if you don’t care about security the risk is yours, linux is about freedom, including freedom to destroy your own data, privacy and security.

  • mchaos

    Root is god. I like to feel like god!!!!

  • Homer Smith

    A while back I ran into an sshd on a remote
    machine that was infected. When it sshd into
    my local shell machine it replaced the existing
    sshd with an infected one. Fortunately tripwire
    caught it within a minute.

    Allowing root sshd to sshd connections is only
    as safe as you can trust your sshd’s, and if
    it is someone else’s sshd, trust is poor.

    pam.d allows one to specify who can log in as root
    and who can’t. One can thus allow root access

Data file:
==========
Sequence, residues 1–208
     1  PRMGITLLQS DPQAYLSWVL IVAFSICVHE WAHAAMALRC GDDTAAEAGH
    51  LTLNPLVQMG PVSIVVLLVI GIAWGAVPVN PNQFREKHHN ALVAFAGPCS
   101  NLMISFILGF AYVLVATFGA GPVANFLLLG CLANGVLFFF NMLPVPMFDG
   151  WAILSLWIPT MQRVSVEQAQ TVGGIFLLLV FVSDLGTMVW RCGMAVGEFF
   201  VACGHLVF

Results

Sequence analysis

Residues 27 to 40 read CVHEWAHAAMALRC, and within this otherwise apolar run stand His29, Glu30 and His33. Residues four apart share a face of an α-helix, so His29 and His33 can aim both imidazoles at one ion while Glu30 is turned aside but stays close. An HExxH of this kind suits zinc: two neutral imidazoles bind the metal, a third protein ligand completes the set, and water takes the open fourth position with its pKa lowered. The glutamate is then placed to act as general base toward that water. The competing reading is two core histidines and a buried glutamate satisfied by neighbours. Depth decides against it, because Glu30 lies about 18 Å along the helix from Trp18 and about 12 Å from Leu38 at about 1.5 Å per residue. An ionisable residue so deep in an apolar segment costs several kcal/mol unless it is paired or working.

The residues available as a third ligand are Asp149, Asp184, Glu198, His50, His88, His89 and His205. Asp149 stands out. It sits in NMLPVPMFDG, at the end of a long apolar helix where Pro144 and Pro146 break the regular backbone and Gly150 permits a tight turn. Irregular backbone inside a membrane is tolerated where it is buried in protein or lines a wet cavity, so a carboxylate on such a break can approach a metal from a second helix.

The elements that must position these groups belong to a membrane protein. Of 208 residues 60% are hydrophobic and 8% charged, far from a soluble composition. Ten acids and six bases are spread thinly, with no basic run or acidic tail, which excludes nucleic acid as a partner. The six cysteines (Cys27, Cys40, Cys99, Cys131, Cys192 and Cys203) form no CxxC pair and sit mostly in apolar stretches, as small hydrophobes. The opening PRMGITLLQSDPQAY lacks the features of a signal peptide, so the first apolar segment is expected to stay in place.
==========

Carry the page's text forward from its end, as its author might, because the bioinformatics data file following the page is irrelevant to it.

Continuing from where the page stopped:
amongst local machines that are more trusted,
    but not from the world at large.

    Security is complicated as it tries to deny access,
    but access is necessary to get work done. For example
    when copying large numbers of root files from
    machine to machine, rsync etc, doing it without root
    access becomes more complicated and painful.

    Homer

  • L

    A good setup would be to disable root login (in tty and gui) and create a new account with a name more concealed to use as a sudo or with PID 0, but without rights to login in gui (so it cannot use pdf readers or browsers).

    Is a good idea?